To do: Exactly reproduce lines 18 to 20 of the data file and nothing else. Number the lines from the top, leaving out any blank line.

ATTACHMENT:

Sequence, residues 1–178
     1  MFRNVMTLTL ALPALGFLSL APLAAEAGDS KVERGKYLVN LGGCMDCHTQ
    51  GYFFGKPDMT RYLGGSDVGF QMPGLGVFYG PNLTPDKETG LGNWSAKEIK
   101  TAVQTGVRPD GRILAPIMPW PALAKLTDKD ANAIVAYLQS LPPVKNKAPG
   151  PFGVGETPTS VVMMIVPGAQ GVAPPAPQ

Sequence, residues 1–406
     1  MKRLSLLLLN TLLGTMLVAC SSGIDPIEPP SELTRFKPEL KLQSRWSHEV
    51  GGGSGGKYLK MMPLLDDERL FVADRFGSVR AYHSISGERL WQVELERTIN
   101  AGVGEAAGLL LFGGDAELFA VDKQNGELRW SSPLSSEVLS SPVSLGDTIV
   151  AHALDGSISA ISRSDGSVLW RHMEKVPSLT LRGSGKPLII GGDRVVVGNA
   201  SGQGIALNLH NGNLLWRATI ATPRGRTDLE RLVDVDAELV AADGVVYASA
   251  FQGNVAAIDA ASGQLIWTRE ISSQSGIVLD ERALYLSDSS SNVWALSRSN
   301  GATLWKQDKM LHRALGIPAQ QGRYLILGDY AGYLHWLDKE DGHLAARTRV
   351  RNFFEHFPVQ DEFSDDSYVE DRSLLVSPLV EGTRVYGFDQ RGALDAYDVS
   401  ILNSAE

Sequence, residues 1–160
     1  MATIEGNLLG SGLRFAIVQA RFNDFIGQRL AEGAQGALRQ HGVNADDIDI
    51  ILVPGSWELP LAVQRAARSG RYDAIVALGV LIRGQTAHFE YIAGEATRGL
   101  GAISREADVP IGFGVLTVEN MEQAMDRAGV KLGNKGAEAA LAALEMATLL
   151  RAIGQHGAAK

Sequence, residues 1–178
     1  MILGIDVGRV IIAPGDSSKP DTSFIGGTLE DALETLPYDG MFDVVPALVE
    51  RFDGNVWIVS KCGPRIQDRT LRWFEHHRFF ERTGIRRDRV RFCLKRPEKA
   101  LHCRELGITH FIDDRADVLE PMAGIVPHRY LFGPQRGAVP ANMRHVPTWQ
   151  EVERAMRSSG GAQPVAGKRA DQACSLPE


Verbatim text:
    51  ILVPGSWELP LAVQRAARSG RYDAIVALGV LIRGQTAHFE YIAGEATRGL
   101  GAISREADVP IGFGVLTVEN MEQAMDRAGV KLGNKGAEAA LAALEMATLL
   151  RAIGQHGAAK